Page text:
Positive change will only come to NY by SCOTUS decision or federal legislation. I am more concerned about holding the enemy back here while waiting for the cavalry.
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Old January 16, 2012, 03:26 PM   #4
Poodleshooter
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If I were an anti-gun NY politician, that 2nd letter would probably serve only to alert me to the fact that high capacity magazines were actually still available, and would likely cause me to propose legislation to ban ALL over 10rd magazines to eliminate this legal quandary you've presented.
The last thing you want to do is let those anti-gun legislators know about the various loopholes that they didn't intend to create when they passed the rather ineffective NY AWB (the existence of nearly identical post ban rifles, the fact that the ban on specific military styled models is eluded by the existence of "clone" rifles, redesigned silver soldered muzzle brakes to skirt the flashhider/threading rules, legal pre-ban magazines, etc).
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Old January 16, 2012, 03:35 PM   #5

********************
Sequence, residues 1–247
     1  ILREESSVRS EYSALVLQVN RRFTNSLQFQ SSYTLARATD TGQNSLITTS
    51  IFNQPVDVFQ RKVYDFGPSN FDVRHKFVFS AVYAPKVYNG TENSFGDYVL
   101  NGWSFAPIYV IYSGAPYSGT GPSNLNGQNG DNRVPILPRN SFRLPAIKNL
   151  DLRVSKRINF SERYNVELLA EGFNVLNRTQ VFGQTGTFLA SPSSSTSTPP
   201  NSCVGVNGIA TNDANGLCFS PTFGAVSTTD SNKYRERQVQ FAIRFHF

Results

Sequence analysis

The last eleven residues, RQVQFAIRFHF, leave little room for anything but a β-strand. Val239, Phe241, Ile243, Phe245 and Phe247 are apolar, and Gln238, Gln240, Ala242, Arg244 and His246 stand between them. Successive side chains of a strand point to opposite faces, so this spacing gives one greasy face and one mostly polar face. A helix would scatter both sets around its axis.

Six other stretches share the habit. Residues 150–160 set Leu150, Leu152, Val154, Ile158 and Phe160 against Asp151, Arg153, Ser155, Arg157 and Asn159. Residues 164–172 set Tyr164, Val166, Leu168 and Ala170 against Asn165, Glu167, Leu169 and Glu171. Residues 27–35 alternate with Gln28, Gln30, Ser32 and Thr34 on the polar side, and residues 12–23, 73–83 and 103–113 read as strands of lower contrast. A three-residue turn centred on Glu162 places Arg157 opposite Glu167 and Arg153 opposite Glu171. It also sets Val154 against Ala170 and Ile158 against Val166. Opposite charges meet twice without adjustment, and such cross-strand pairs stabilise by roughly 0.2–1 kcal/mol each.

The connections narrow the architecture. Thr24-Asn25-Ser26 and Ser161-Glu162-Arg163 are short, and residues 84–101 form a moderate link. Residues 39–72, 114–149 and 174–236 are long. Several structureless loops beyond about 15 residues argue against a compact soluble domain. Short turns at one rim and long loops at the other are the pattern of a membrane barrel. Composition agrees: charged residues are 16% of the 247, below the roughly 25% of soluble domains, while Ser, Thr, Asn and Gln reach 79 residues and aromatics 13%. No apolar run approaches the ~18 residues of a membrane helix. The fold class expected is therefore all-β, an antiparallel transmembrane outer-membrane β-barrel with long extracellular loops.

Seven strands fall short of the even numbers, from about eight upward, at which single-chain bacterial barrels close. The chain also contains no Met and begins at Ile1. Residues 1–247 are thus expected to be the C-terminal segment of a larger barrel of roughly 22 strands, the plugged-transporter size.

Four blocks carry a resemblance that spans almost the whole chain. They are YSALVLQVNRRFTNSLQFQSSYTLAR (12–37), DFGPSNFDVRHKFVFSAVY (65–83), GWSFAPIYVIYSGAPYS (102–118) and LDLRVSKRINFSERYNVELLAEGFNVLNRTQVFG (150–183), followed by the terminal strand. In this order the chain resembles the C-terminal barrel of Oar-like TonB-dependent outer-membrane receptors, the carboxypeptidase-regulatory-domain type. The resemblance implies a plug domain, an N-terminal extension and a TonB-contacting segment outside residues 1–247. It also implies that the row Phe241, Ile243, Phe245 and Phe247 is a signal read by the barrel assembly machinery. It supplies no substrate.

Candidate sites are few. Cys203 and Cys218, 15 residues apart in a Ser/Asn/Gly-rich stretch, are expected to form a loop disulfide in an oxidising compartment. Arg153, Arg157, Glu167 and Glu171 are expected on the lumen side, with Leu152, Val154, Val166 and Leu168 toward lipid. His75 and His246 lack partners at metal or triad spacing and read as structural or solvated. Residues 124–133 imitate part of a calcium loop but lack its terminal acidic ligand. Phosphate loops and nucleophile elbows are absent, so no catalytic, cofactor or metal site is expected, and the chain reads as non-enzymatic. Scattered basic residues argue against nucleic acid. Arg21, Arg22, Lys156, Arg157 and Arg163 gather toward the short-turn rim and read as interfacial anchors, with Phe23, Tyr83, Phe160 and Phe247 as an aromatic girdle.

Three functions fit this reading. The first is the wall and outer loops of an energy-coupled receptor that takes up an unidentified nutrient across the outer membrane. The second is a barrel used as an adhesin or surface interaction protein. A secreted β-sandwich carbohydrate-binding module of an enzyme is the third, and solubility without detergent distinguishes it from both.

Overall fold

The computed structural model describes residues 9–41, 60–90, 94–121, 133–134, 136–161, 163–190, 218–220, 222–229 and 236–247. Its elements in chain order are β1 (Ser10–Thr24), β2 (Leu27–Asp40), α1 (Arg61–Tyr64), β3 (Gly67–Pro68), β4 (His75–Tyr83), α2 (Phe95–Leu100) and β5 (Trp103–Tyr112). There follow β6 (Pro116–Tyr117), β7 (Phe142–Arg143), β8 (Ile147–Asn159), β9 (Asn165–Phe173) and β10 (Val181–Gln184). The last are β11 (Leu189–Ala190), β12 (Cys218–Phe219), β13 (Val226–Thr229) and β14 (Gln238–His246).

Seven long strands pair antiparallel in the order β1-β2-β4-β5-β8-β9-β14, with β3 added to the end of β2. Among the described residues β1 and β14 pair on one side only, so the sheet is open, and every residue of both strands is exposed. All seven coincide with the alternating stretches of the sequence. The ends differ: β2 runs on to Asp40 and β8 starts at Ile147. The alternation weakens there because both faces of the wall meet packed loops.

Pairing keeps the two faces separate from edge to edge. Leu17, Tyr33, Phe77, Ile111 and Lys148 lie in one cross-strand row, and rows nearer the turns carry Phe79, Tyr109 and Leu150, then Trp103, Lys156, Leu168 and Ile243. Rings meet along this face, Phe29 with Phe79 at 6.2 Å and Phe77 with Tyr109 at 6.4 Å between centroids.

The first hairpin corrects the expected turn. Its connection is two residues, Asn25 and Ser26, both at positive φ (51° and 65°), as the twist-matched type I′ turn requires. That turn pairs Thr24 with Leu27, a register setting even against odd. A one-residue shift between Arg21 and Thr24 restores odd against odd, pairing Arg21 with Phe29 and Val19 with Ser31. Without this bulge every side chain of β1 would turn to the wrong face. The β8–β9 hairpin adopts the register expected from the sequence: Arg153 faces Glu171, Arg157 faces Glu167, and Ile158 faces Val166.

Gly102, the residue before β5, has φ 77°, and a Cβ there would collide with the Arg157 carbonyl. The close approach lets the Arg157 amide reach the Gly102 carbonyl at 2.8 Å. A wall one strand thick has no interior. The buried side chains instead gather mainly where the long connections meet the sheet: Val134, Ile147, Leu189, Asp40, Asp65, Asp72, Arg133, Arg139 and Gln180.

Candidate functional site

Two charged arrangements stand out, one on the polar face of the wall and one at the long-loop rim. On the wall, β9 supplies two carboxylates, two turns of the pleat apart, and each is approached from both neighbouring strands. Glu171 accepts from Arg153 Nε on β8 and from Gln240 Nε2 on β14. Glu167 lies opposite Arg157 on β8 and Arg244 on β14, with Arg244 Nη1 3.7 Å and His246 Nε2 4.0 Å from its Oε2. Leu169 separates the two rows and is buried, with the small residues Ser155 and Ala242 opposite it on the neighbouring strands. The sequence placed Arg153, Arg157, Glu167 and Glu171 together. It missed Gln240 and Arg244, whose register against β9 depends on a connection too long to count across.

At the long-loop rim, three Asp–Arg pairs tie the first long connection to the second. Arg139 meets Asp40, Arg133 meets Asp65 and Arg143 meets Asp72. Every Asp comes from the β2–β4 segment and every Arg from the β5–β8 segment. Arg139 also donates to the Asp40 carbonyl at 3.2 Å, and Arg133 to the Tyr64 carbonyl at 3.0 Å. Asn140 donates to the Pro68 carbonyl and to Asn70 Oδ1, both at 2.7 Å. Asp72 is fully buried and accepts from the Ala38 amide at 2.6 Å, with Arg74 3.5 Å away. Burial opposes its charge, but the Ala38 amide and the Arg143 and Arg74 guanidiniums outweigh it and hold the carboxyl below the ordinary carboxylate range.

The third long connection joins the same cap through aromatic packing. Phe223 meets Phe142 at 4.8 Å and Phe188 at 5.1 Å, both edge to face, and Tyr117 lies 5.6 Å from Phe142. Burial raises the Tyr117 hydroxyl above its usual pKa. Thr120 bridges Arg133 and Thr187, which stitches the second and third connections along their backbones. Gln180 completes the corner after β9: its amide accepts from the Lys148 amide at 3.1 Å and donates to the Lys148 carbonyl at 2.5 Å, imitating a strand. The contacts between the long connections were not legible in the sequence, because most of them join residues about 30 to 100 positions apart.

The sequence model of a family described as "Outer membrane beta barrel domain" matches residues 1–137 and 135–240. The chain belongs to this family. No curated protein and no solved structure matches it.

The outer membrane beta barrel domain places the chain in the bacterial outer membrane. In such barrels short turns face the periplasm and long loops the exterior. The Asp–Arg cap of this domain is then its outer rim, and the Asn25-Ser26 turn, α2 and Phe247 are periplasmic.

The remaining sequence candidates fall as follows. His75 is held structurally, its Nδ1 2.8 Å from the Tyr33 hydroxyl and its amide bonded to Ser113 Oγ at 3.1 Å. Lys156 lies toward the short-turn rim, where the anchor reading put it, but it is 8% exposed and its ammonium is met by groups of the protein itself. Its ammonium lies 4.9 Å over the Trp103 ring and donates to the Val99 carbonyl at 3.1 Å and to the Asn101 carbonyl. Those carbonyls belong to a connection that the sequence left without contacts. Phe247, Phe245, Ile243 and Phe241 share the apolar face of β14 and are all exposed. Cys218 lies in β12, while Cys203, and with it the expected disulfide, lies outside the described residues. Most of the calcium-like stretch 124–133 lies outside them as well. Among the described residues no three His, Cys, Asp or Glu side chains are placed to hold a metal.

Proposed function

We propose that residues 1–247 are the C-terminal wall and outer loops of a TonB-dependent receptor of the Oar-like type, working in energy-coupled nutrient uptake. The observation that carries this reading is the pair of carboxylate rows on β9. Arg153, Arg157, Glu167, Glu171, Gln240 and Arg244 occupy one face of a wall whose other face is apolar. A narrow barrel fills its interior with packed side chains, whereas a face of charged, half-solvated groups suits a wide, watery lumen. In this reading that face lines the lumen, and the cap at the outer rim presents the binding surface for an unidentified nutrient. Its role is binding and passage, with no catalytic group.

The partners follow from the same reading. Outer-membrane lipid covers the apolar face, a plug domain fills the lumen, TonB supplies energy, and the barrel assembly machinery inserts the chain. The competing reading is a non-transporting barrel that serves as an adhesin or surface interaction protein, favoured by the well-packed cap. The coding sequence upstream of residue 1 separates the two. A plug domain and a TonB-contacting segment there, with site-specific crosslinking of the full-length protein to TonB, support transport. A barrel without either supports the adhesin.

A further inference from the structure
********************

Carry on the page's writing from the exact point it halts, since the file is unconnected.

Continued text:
jimbob86
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Quote:
I am more concerned about holding the enemy back here while waiting for the cavalry.
Nobody won a war playing defense only....... and the Cavalry may not be coming, depending upon the results in November.

Really, what's it cost to send a personal letter? An hour of your time and 44 cents?
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Old January 16, 2012, 07:15 PM   #6
Erikbal
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I also agree personal letters would be more effective.
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Old January 16, 2012, 11:57 PM   #7
Musketeer
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Quote:
Nobody won a war playing defense only....... and the Cavalry may not be coming, depending upon the results in November.
You also do not throw away troops attacking an entrenched position head on. Better to weaken them elsewhere and fill the courts with constructionist justices to ram the 2A down the throats of those states which will not honor it in their own legislatures.